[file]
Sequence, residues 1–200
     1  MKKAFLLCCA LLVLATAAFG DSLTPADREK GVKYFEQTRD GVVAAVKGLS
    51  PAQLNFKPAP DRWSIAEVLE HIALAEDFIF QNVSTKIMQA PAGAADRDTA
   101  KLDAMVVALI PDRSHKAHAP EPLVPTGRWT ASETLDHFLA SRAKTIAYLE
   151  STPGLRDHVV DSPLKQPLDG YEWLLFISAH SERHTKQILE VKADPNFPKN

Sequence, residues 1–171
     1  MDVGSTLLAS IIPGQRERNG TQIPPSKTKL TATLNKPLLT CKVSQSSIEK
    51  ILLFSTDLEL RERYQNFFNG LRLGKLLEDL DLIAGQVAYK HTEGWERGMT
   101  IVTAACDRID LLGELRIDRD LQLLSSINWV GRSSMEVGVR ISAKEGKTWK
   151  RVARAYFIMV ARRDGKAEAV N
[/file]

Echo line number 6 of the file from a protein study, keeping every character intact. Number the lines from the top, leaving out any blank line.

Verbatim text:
Sequence, residues 1–171